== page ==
No Practice = Big Money??

Baltimore Ravens quarterback Lamar Jackson recently said he will be reporting to practice for mandatory minicamp. He was noticeably absent from voluntary camp and workouts. Granted, these practices are optional for veterans to attend, however, it's the first time in his career that he has not attended.

His camp has pushed the narrative that he was working out on his own, and that his personal workouts will have him better prepared than the team organized ones. Others, in fact many of us, have speculated he is using his presence as leverage to secure a new long term contract exceeding $200 Million. Whether he is worth his asking price is not the question. The big question is, "Is holding out effective in contract negotiations?".

Sometimes you win..

Juwan Howard

In the 1994 NBA Draft, the then Washington Bullets took Michigan power forward and member of the Fab 5, Juwan Howard with the fifth overall pick. They offered him was perceived as a fair and standard rookie contract. Howard felt like his skill set and celebrity entitled him to something bigger, and he decided not to report to the team until they paid him what he was worth. The result, was an 11 year - $36 million deal, with an opt out clause after 2 seasons.

Chris Johnson

From 2008-2010, the Titans running back, known as CJ2K ran for 3,600 yards and 34 touchdowns. He was the fastest back in the league, and combined with his size (6'0 and 200lbs), he was a force to be reckoned with. Unwilling to continue playing out his rookie deal until the team backed up the brinks truck, he held out of practices and workouts until September 1, when he was awarded a 4 year deal, for $53.5 million. Despite three consecutive 1,000 yard seasons following the deal, he was never as good as those first 3 seasons.

Brien Taylor

Sports card collectors from Gen X know this name and know it well. Taylor was a high school pitcher taken first overall in the 1991 MLB Draft by the New York Yankees. The team offered him a standard top pick contract of $300,000. Taylor and his family, advised by Scott Boras, and backed by a 100 mile per hour fastball said they would not sign any contract that was less than $1 million. When the dust settled, Taylors $1.55 million signing bonus was the biggest in the history of baseball rookie deals.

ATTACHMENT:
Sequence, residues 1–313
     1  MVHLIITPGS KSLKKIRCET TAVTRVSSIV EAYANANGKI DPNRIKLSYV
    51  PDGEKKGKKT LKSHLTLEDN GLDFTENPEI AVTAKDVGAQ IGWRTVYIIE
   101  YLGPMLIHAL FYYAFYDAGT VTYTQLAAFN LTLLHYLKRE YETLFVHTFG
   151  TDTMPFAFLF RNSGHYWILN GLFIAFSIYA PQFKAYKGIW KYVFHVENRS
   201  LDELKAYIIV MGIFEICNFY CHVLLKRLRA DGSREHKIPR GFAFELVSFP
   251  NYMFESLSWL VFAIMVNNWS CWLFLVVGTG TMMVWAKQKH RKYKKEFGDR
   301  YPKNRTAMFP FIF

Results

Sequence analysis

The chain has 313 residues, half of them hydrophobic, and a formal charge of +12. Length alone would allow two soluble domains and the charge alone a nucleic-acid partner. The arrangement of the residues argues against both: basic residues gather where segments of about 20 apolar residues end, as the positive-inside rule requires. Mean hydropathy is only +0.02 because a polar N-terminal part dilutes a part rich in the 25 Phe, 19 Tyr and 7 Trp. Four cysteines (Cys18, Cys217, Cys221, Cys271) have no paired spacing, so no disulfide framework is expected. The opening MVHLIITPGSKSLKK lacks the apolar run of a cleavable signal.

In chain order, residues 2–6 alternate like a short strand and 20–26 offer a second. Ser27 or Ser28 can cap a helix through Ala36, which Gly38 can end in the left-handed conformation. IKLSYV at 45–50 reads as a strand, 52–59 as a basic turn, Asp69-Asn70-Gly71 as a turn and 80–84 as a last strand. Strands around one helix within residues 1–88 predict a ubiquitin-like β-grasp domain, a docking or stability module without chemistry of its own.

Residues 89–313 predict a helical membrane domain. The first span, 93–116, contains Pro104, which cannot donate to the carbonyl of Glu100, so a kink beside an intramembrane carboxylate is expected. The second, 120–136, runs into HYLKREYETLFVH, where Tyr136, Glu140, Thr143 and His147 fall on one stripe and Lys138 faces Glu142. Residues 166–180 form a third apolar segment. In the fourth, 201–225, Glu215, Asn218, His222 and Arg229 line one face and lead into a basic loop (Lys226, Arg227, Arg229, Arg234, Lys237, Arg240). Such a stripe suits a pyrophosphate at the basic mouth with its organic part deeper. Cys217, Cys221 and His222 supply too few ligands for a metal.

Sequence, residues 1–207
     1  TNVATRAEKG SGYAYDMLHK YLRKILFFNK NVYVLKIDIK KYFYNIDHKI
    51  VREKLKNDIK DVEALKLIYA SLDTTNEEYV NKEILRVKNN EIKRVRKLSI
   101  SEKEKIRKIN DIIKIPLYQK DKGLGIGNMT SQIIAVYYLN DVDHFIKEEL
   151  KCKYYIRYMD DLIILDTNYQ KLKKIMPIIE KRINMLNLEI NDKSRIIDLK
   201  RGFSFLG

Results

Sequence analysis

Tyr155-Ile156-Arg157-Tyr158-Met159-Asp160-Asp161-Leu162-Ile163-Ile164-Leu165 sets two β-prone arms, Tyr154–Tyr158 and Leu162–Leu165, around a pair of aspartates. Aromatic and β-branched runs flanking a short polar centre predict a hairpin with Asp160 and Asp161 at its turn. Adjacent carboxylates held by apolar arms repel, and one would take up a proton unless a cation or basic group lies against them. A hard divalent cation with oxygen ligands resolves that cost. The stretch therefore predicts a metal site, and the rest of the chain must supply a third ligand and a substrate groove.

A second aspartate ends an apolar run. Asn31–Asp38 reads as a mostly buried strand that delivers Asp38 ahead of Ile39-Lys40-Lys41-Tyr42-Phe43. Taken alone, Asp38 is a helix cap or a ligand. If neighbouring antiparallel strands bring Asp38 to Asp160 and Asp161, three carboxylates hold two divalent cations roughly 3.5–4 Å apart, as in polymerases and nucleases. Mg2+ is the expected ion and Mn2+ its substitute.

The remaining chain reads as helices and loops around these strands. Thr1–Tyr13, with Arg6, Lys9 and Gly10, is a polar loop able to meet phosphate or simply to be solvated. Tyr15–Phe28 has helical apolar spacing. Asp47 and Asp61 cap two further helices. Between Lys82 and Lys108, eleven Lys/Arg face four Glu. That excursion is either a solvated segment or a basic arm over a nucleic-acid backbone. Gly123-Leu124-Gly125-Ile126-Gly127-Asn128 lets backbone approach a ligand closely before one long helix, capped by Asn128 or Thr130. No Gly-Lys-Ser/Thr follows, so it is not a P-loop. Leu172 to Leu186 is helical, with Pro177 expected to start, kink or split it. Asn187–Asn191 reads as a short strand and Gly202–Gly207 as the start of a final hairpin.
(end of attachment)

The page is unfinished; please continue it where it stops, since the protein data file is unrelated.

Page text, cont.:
Sometimes You Lose.

Kam Chancellor

NFL fans are familiar with the legion of boom, and maybe no member of the Seahawks secondary boomed opponents with bigger hits than their safety, Kam Chancellor. After his teammates Richard Sherman and Earl Thomas signed lucrative extensions, Chancellor decided to hold out for more money in 2013. The holdout lasted until 2 weeks into the season, when he finally reported to the team without a raise and without a restructure.

Joey Galloway

Sometimes you not only miss out on a big payday with a holdout, but the team can charge you money for the holdout. Seahawks receiver Joey Galloway had back to back 1,000 yard seasons in 1997 and 1998. He decided to holdout until he got paid in 1999, and the holdout lasted 8 weeks into the NFL regular season. Not only did he return to the team without a payday, but after giving up $837,000 in salary, and paying $210,000 in fines for not being there. Dallas overpaid for him as a free agent, and he wouldn't be productive again until he went to Tampa in 2005.

Bo Jackson

Bo knows holdouts. After winning the Heisman in 1985, Jackson was the clear-cut favorite to be the top pick in the draft. He attended the combine and ran a 4.18 forty yard dash. Then it was time to meet with teams. The Tampa Bay Buccaneers held the top pick and wanted Bo to fly to them. They told him they cleared the flight with the NCAA, but they hadn't and when he went to baseball practice after returning to campus, he was informed he was ineligible to play college baseball. Furious, he refused to play for Tampa when they picked him first overall. He chose to become a pro baseball player instead, and the following year, took up his hobby of pro football after being drafted 183rd overall by the Raiders in the 1986 draft. Though he never made it to the top of the depth chart, maybe his holdout was a push in this case.

Will Lamar Jackson go down in history as a loser or winner in the game of contract holdouts? Only time will tell. One thing is for sure, and that is, the outcome will be determined by if the team feels they can win without him. In a league so quarterback rich at the moment that a first round talent like Malik Willis drops to 86th overall, I probably wouldn't be playing contract hardball if I was Lamar. But that's just me.

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